This article bothered me. At first, I thought it might be the "these things are the worst evil" stance. But that's not it: even though I don't agree with Archbishop Myer's stance, it's not an illogical one. If you believe that a fertilized egg is a human being with the same rights as an adult human, then abortion and the potential for embryonic research is the worst thing that's happening in America today. I may not buy the underlying assumption, but I cannot quibble with the conclusion. (Note: I am not particularly interested in arguing this point, and the rest of this entry will not deal with the rightness or wrongness of abortion.)
No, what bothers me is his implication that the stance of any given politician will actually have an effect, one way or another.
He doesn't come right out and say "You can't vote for Kerry because he's pro-abortion; you must vote for Bush because he's against it." But his whole tone suggests that's the right conclusion.
The presumption here is that, if Bush is re-elected, he will make sure embryonic research remains illegal and he will outlaw abortions, while if Kerry is elected embryonic research will be legalized and abortions will continue in ever-growing numbers. I am somewhat embarrassed to admit that I don't actually know the current status of embryo research in the US. I know that many fertility treatments have the undesired side effect of resulting in non-viable fertilized eggs, but are legal anyway. I don't know if it's legal or not to fertilize an egg with the specific intent that the blastomere/embryo will not be permitted to develop into a baby. I'm thinking the latter is currently illegal, and that this is a law Bush pushed for, but I'm not sure.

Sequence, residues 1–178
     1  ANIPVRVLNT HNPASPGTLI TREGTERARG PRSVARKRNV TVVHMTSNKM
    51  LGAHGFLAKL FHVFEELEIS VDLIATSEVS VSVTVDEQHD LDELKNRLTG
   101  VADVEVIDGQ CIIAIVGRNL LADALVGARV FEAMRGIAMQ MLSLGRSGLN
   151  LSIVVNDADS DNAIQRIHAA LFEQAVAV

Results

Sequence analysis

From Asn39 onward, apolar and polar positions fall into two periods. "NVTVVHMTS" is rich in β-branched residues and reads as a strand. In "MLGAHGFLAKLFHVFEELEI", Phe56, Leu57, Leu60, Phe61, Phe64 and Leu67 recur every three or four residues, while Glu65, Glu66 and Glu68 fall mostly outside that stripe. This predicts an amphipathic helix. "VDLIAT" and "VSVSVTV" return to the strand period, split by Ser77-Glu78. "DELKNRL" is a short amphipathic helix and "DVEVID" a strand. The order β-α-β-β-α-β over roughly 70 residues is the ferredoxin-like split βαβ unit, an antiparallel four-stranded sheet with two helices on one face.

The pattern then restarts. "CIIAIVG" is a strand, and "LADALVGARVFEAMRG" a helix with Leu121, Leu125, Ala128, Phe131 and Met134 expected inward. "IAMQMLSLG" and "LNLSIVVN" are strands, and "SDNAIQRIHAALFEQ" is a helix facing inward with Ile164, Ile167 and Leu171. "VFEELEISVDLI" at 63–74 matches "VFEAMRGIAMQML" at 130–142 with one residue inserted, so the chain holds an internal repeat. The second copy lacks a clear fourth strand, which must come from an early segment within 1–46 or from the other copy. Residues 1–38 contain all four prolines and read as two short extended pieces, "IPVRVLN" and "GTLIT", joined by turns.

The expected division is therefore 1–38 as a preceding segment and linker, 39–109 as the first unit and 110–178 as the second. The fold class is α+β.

But what I do know is that Bush has done virtually nothing, in four years of office, to make abortions illegal.
So why should a Catholic, in good conscience, feel that he has to vote for Bush to stop these 1.3 million annual abortions, when he's got no good reason to think Bush is going to do anything about it next term, either? (This isn't even to address the next problem, which is "how many abortions will be prevented by making it illegal?" Because you can sure bet that number wouldn't be close to "all of them".) Kerry and Bush may not "be in favor of embryo killing on roughly an equal scale" but in practice I think it's quite likely that they'd each have the same effect on the law.
And this, I think, gets us closer to Cardinal Retzinger's "proportionate reasons". If someone who is strongly opposed to abortion believes that Candidate A, pro-choice, has a 50% chance of, let's say, preventing hundreds of thousands from dying of starvation in Africa, while Candidate B, pro-life, has a 0.01% chance of doing anything about abortion in America .... well, I think it's pretty fair to go with the guy who might make a difference on something that matters to you.
Of course, there are arguments to be made on the other side: maybe Candidate B won't make a difference this year. But perhaps your devotion now to this single issue will someday bear fruit. It's similar to my reasoning in voting for Libertarians even when I know they won't win the current election.
But not all rational people agree with me that voting Libertarian now helps to make the Libertarian Party more credible, and I don't think everyone would agree that making anti-abortion your top priority in picking a candidate will necessarily make a difference in abortion policy down the road.
I'm not impressed by John Kerry, I'll admit. But even if I opposed abortion, I can't see making that a reason to vote for George Bush.